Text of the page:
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Author: Subject: Mercury in fish
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[*] posted on 24-8-2012 at 08:45
Mercury in fish


Intuitively, perhaps once the toxic forms of Hg have reached low or even (especially high) order species, it has bonded covalently and denatralized proteins. Thus, perhaps eating fish with a relatively high Hg content may not be so unhealthy after all. However, if that Hg somehow energetically gets stripped and converted to an alkyl Hg, all bets are off.

Just think it's an intriguing thing to think about - Hg in fish- the damage has already been done. Eating whatever sea ford might be more like eating protein with a little Calomel sprinkled on.

Now X-Ray and gamma from Japan is a whole other story.
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[*] posted on 24-8-2012 at 13:01


It isn't elemental mercury that bioconcentrates in fish; it is methyl mercury and dimethyl mercury that are absorbed and retained by the fatty tissues of fish that swim in contaminated waters.

The damage has not necessarily been done already. There are compounds present in toxic algal blooms that also bioconcentrate in fish. This is why at certain times of year, barracuda can be poisonous when eaten. Think about it: barracuda are not venomous or poisonous animals in and of themselves!




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[*] posted on 24-8-2012 at 13:48


OK, in my opinion, the questionable good news is that inorganic Hg compounds released into the atmosphere (chiefly from ongoing and increasing coal burning) are turned into CH3Hg+ (the monomethylmercury(II) cation) by aquatic anaerobic organisms. So detection and cleanup need to chiefly focus on this cation.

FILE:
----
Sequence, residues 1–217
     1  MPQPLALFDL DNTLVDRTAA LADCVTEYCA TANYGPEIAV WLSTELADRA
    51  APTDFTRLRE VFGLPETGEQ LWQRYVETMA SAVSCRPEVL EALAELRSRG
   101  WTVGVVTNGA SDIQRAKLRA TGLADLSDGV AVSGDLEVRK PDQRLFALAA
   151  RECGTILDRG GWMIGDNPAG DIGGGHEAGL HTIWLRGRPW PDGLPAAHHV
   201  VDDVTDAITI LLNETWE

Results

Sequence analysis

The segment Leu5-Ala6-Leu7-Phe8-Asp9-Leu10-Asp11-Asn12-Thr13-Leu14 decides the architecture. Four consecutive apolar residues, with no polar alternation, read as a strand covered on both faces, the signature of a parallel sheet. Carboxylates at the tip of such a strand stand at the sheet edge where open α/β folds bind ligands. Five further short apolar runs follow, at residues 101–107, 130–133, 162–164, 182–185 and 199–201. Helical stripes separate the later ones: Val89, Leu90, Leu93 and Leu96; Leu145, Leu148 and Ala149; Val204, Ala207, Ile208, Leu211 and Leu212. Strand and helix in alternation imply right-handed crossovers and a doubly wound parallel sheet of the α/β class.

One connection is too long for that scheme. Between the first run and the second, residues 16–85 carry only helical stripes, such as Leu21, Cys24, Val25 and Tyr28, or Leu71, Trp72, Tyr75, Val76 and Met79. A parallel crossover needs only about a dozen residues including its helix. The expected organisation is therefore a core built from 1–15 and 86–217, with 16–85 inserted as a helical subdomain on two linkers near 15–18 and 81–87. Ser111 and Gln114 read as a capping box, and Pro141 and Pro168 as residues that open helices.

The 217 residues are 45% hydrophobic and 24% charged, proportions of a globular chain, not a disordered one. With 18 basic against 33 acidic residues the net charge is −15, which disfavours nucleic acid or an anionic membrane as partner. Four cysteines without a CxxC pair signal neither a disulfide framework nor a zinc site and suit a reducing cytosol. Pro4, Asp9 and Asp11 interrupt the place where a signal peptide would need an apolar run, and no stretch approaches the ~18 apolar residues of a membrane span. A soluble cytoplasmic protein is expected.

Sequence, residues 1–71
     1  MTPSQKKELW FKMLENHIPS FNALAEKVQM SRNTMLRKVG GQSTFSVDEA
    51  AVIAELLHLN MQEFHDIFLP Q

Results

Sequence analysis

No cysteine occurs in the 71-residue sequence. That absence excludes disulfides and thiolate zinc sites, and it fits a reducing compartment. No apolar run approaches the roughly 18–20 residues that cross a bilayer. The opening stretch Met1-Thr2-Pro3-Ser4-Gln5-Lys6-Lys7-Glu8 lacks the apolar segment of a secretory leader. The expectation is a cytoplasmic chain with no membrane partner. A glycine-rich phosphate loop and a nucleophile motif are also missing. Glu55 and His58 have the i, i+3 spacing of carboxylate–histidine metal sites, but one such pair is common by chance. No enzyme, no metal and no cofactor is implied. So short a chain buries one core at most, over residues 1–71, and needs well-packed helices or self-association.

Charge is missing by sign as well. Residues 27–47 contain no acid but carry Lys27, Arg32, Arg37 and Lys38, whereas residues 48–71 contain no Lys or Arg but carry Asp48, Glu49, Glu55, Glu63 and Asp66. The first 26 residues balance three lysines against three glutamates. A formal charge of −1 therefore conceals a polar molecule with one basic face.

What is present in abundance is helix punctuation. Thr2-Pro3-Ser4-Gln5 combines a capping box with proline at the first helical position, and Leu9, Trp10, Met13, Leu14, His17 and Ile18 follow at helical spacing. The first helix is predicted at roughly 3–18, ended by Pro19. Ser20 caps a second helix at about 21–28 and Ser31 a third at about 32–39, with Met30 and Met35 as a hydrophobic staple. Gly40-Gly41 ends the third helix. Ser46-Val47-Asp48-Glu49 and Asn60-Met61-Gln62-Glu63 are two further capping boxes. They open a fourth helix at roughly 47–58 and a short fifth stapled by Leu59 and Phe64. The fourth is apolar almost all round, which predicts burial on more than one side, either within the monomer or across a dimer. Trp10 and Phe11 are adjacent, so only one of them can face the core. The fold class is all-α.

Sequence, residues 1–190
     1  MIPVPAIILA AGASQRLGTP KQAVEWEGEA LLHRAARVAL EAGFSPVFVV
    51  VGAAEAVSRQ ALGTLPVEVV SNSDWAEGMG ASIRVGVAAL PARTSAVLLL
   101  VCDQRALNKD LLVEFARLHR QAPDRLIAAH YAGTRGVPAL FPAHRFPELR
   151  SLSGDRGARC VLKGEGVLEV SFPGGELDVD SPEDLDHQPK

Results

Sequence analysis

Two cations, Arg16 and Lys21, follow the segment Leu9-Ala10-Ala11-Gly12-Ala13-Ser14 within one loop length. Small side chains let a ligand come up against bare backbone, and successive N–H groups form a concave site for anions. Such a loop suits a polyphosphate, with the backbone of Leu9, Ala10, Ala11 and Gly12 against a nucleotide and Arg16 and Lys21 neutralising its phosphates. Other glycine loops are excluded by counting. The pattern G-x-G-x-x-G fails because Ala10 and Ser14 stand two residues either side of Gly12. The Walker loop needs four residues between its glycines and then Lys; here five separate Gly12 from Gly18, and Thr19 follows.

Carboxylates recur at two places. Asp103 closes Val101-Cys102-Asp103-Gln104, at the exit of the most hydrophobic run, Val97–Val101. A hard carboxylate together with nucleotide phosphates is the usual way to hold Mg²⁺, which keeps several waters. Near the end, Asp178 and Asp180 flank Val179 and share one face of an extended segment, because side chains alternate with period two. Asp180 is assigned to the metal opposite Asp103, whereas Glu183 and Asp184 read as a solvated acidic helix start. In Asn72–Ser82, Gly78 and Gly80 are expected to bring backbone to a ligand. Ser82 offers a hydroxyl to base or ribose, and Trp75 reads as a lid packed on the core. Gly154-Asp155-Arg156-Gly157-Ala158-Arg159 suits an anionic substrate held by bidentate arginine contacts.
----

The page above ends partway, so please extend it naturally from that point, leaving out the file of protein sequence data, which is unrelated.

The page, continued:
The bad news is that it is highly toxic to marine life which, in itself, has not been an historic course changer for policy makers (for example, the death/dying of coral reefs throughout the world, isn't front page news, if news at all). But, as the methylmercury presence is now significant enough to poison people (and perhaps, therefore, selfishly important), there is more pressure to alter bad policy (which I, for one, consider good news).

Now, in America, it is probably wise for an industry (like fishing) that could be the blunt of a serious economic impact (as the fear of eating any fish spreads) to act early. This is due to the fact that a weak/declining US industry has increasingly diluted lobbying/political power to effect change in their interest. Now normally, this is a constructive process, but in this case, for those with a longer term prospective of having to live on planet Earth, perhaps not.


[Edited on 24-8-2012 by AJKOER]
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[*] posted on 30-8-2012 at 18:51


I think you guys know a hell of a lot more than I do.
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[*] posted on 31-8-2012 at 17:18


In fairness, I have been working in an ecotoxicology lab for almost a year now. In that time, I have done chemical analyses in support of bioconcentration studies in bluegill fish for three different compounds, each lasting ~3 months. I've learned a fair bit about bioconcentration in that time! :)



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[*] posted on 8-9-2012 at 11:25


Ah, within walking distance, flows the mighty Willamette River. Therein, one might, with a little luck, land a 400 pound Sturgeon. A lifetime supply. Especially since the huge fish, carry a huge Mercury load.

Healthy adult humans are advised to eat no more than one 8oz portion of Sturgeon per month.



[Edited on 8-9-2012 by zed]
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